Regular Expressions revisited.

Well – it’s time to visit Regex land again. Thanks to Mustafa for giving me the push I needed to continue with our journey into Regular Expressions. The following regular expression is a one that I find handy from time to time to identify text that occur near to each other. For instance, suppose I want to find all of the instances of time in this paragraph where there is another mention of time inside 10 words. This expression allows me to do this easily, and would be called as MatchCollection coll = FindNear(<<paragraph text>>, “Time”, “Time”, 1, 10).

One little feature of this, is that you can set the minimum number of words that the text must be apart as well.

Anyway – without further ado, here’s the FindNear function.

/// <summary>
/// Using this method, you can find instances of a particular word near other text. 
/// For instance, you can find Dr near Who when the words occur near each other.
/// This is achieved by constraining the distance of the words that must be between the
/// instances.
/// </summary>
/// <param name="text">The text to search.</param>
/// <param name="findText">The text to find.</param>
/// <param name="nearText">The text to find the text near.</param>
/// <param name="minWords">The minimum number of words the two words can be apart.</param>
/// <param name="maxWords">The maximum number of words the two words can be apart.</param>
/// <returns>A match collection containing the find results.</returns>
public static MatchCollection FindNear(string text, 
    string findText, 
    string nearText, 
    int minWords,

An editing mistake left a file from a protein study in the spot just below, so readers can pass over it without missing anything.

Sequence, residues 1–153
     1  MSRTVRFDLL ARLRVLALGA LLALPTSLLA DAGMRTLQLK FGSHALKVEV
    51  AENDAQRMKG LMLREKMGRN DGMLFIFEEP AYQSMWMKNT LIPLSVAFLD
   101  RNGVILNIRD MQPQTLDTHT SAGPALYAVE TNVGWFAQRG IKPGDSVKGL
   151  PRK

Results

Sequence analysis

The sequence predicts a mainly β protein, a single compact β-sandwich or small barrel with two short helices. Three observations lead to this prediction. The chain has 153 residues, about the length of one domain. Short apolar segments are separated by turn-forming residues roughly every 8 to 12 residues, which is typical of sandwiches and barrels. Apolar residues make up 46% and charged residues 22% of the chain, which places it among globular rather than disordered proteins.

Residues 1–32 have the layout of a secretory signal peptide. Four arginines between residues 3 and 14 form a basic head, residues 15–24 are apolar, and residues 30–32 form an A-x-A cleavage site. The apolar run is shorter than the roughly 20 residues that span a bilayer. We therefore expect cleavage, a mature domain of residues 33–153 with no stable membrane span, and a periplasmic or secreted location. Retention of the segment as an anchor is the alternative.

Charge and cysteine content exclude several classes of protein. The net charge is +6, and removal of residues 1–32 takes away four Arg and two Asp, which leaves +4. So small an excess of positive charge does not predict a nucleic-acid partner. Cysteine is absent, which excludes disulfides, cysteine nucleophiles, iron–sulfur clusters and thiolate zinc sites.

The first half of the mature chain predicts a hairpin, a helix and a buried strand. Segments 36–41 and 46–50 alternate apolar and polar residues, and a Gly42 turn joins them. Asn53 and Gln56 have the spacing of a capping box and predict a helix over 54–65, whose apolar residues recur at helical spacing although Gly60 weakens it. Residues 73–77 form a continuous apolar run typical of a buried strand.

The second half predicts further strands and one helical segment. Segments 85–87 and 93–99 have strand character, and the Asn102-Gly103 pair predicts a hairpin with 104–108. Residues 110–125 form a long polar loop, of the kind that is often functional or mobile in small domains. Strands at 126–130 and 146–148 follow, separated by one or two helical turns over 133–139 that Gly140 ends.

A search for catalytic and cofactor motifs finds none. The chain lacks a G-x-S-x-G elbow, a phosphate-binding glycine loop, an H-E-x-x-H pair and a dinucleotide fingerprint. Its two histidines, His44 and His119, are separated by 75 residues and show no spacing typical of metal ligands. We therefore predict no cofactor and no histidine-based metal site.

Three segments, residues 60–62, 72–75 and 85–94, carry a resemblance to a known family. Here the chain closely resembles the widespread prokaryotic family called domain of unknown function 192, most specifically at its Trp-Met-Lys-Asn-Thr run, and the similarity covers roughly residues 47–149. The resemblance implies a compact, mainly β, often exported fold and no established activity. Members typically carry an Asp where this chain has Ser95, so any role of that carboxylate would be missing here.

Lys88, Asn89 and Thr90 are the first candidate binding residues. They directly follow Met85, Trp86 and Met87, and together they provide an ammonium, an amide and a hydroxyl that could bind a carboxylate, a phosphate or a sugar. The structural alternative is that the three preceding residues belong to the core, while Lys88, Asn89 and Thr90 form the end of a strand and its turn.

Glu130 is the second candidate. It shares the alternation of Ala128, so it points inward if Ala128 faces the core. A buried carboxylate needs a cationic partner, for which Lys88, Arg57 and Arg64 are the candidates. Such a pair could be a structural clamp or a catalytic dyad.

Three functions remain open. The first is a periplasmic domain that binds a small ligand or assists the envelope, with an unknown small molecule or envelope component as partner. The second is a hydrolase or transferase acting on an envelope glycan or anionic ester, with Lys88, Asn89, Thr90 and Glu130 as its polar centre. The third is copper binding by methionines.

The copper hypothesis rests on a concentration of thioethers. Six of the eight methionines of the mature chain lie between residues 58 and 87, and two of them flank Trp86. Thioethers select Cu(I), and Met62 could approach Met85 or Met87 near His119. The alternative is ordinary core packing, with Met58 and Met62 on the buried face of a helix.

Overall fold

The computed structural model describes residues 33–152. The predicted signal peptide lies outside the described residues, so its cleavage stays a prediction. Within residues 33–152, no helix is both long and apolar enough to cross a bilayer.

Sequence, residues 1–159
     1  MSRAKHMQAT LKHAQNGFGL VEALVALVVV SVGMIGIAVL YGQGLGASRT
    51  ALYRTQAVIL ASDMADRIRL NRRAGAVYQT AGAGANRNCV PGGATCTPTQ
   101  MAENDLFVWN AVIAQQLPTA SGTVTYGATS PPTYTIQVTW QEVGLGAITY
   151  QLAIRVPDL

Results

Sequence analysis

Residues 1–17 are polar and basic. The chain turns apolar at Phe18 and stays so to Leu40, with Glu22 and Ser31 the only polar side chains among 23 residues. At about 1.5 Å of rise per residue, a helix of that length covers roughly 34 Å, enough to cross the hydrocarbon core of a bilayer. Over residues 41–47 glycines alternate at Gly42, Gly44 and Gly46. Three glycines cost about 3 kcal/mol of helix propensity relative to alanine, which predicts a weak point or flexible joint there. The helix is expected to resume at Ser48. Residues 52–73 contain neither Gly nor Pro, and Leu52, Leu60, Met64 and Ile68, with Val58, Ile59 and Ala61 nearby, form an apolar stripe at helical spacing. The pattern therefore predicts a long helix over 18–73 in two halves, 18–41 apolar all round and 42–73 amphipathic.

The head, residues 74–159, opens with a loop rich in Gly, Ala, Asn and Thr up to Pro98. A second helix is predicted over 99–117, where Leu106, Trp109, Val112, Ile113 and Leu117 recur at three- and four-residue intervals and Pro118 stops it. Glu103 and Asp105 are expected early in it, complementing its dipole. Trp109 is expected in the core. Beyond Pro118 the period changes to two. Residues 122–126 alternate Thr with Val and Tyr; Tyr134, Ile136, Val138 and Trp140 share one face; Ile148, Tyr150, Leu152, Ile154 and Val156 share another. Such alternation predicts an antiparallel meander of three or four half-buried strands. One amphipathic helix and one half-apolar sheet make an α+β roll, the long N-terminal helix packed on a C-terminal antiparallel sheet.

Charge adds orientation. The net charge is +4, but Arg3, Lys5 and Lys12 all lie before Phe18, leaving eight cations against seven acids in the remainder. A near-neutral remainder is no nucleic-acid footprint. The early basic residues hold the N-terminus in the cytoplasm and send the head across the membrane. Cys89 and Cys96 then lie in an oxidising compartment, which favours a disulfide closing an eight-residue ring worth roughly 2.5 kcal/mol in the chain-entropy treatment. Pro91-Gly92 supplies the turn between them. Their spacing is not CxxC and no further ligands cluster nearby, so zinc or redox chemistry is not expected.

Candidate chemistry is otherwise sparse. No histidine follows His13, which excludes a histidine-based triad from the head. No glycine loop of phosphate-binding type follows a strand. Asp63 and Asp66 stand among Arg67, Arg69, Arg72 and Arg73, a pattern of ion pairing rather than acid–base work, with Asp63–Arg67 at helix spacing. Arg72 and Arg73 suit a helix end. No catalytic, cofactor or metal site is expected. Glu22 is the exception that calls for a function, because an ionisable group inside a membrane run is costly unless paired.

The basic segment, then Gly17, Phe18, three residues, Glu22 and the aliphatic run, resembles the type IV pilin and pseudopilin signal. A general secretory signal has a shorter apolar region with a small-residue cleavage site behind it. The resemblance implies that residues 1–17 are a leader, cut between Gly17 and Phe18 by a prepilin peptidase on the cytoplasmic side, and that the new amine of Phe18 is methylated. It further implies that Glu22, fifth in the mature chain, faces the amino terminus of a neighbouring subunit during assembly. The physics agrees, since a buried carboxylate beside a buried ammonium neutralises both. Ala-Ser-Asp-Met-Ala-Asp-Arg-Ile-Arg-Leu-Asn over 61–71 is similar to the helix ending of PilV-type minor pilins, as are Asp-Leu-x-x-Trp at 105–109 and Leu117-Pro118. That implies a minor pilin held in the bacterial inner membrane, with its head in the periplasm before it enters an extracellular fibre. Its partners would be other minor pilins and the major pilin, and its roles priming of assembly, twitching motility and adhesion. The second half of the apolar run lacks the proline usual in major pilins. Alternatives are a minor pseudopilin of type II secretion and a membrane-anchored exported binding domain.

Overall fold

int maxWords)
{
    if (string.IsNullOrEmpty(text))
        throw new ArgumentNullException("text");
    if (string.IsNullOrEmpty(findText))
        throw new ArgumentNullException("findText");
    if (string.IsNullOrEmpty(nearText))
        throw new ArgumentNullException("nearText");
    if (minWords > maxWords)
        throw new ArgumentOutOfRangeException("minWords");
    if (maxWords == 0)
        throw new ArgumentOutOfRangeException("maxWords");
    string reg = @"\b" + findText + 
                    @"\W+(?:\w+\W+){" + 
                    minWords + 
                    "," + 
                    maxWords +"}?" + 
                    nearText + @"\b";
    Regex regex = new Regex(reg,
        RegexOptions.IgnoreCase
        | RegexOptions.Multiline
        | RegexOptions.IgnorePatternWhitespace
        );
    return regex.Matches(text);
}

So, how does it work? Well, it builds up the following regular expression (in the case of the above example):

\bTime\W+(?:\w+\W+){1,10}?Time\b

The “magic” part is the bit {1,10} which tells the expression how many words can exist between the words you are searching for. In this case it’s from 1 to 10 words.

I haven’t forgotten the first part of the series on regular expressions – we’ll come back to that one in the next installment when I cover a different way to handle dates. In the meantime, have fun playing around with this regular expression.

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2 thoughts on “Regular Expressions revisited.

  1. Pete, this stuff is treasure, particularly those that work with text all the time, such as yours truly. I’d love to see you expand more on the subject developing it into a “proper” article and publishing that either here or on CP.

    I could also read “pushy bugger” between the lines 😀

  2. peteohanlon

    Mustafa, thanks for that. The ultimate aim for this was to post an article of “handy” regexes that I’ve used or would like to use. Unfortunately, time has prevented this so farm but I’m not ruling out turning this into an article at some point in the future.

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